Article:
By DAVID MOON, Moon Capital
December 29, 2002
Old sayings usually survive because they are true ' or at least contain
enough truth for people to pass them on. You can think of plenty of
examples: If something sounds too good to be true, it probably is; an idle mind
really is the devil's workshop. I'm not sure what the phrase 'a stitch in
time saves nine' means, but I am sure there is some wisdom in there
But it is dangerous to assume that just because a saying is old and sometimes
true it is infallible. Consider the phrase 'perception is reality.'
It would be depressing if that were always so. In fact, I think more often
than not, perception is nothing more than perception. Economic and
investment news of last several years certainly suggests so.
If you based your opinion just on what happened in 2002, you would think all
corporate executives are greedy, uncaring and evil. Enron may be the
'poster boy' for the economy and stock market this year, but it is not
representative of most of the U.S. economy. Tyco's Dennis Koslowski is not
a fair representation of most corporate executives. But when your 401(k)
is down 50 percent from its high, you are willing to extrapolate and project
negative perceptions onto anyone and everyone.
I don't know if it really is 'always calm just before the storm,' but it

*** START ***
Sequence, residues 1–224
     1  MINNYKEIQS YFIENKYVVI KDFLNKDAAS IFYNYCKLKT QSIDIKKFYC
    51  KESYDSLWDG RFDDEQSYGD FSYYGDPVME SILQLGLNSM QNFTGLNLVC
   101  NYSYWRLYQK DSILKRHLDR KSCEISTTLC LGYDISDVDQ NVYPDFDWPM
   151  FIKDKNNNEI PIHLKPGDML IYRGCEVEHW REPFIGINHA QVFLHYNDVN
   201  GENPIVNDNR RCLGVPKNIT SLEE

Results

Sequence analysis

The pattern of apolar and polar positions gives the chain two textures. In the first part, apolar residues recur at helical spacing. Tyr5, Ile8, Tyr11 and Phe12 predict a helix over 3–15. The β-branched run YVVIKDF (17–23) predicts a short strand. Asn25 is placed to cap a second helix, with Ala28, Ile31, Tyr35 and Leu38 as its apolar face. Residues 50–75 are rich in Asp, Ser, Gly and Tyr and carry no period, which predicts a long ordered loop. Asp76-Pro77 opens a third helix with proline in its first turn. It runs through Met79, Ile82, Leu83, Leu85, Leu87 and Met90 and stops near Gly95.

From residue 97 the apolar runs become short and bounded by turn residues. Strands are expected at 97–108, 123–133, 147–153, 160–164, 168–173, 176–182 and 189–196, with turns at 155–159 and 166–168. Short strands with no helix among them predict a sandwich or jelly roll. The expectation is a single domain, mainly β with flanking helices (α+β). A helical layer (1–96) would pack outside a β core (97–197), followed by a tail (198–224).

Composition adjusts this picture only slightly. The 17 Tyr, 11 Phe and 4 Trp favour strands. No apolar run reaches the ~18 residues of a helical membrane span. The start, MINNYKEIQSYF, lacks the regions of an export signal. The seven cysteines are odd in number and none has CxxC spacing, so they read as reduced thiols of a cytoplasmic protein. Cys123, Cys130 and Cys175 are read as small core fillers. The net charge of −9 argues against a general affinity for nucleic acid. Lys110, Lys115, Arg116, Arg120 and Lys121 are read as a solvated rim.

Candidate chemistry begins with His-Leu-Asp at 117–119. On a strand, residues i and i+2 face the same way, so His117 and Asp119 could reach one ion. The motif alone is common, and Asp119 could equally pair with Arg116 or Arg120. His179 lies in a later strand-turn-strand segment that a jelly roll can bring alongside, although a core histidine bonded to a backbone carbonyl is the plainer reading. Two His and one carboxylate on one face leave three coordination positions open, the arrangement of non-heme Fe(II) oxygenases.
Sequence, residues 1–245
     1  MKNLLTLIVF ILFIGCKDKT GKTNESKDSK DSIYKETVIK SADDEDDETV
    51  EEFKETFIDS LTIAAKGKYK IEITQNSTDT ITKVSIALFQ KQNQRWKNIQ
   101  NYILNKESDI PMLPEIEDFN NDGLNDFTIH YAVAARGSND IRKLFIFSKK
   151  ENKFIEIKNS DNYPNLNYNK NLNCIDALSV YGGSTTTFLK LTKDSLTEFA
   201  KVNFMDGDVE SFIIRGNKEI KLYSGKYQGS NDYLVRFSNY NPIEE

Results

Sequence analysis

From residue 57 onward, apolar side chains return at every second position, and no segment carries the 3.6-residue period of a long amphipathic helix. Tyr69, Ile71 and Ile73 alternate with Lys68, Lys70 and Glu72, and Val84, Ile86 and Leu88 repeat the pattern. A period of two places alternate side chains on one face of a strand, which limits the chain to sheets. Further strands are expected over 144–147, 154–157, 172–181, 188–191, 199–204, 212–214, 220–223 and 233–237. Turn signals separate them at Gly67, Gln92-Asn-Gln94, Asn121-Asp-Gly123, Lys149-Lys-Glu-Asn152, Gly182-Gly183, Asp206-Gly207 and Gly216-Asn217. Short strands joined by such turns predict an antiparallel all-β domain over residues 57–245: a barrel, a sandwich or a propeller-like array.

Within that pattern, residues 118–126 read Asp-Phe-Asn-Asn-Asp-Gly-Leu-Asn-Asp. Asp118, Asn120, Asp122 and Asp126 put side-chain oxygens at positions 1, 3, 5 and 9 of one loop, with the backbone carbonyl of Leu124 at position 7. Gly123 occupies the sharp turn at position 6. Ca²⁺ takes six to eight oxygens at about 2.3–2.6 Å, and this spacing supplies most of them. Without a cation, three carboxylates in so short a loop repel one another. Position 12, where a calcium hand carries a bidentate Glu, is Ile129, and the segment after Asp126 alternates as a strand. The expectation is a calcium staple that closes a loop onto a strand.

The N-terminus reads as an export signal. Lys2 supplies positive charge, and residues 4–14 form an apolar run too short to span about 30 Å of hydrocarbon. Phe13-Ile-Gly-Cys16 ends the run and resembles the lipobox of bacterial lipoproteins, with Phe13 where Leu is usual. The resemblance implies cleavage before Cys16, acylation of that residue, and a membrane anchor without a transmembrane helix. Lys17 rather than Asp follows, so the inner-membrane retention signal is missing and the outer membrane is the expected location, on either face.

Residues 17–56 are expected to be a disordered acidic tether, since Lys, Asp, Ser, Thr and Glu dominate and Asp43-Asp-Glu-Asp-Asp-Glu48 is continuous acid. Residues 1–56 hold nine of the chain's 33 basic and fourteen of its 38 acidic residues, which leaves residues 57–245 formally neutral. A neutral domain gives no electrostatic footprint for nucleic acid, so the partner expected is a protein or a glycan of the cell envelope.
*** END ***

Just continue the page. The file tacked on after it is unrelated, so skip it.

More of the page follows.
often is. In late 1999 and 2000, things couldn't have looked more
rosy. The stock market was going up. Cab drivers were becoming
Internet millionaires. Day trading was the certain path to easy
riches. Retirees were trading in their CD's for index funds. Early
retirement seemed within the grasp of many. The investment seas appeared
calm and inviting.
But most of that economic opulence was an illusion. People only
perceived that money was easy and wealth was available simply by picking a
high-tech mutual fund ' any high tech mutual fund. But that perception was
not reality. Those safe mutual funds and stocks weren't as safe as they
seemed. Stock market gains weren't so easy and risk-free. Most of
the investment gains of 1998 and 1999 weren't real. Well, at least they
weren't based on underlying real fundamentals; they were based on
perception. The painful years that followed proved that perception is not
always reality. Often, perception is the opposite of reality.
With only two trading days remaining in 2002, I am willing to take the risk
of predicting a third consecutive annual decline for the overall U.S. stock
market. A year ago, many market pundits were eager to point out the rarity
of a three-year losing streak. I have seen no such optimistic tea leaf
readings this week. Prognosticators are not willing to go out on that
limb. Investors are depressed; they are beaten. They are tired of
turning to CNBC and seeing downward pointing red arrows. They think Wall
Street is full of crooks. We are about to go to war with Iraq or North
Korea ' or both. And oil is up to $30 a barrel. Many investors are
so tired of losing money that they cannot perceive an environment in which
anything positive could happen.
Fortunately, however, perception is not always reality.
David Moon is president of Moon Capital Management, a
Knoxville-based investment management firm. This article
originally appeared in the News Sentinel (Knoxville, TN).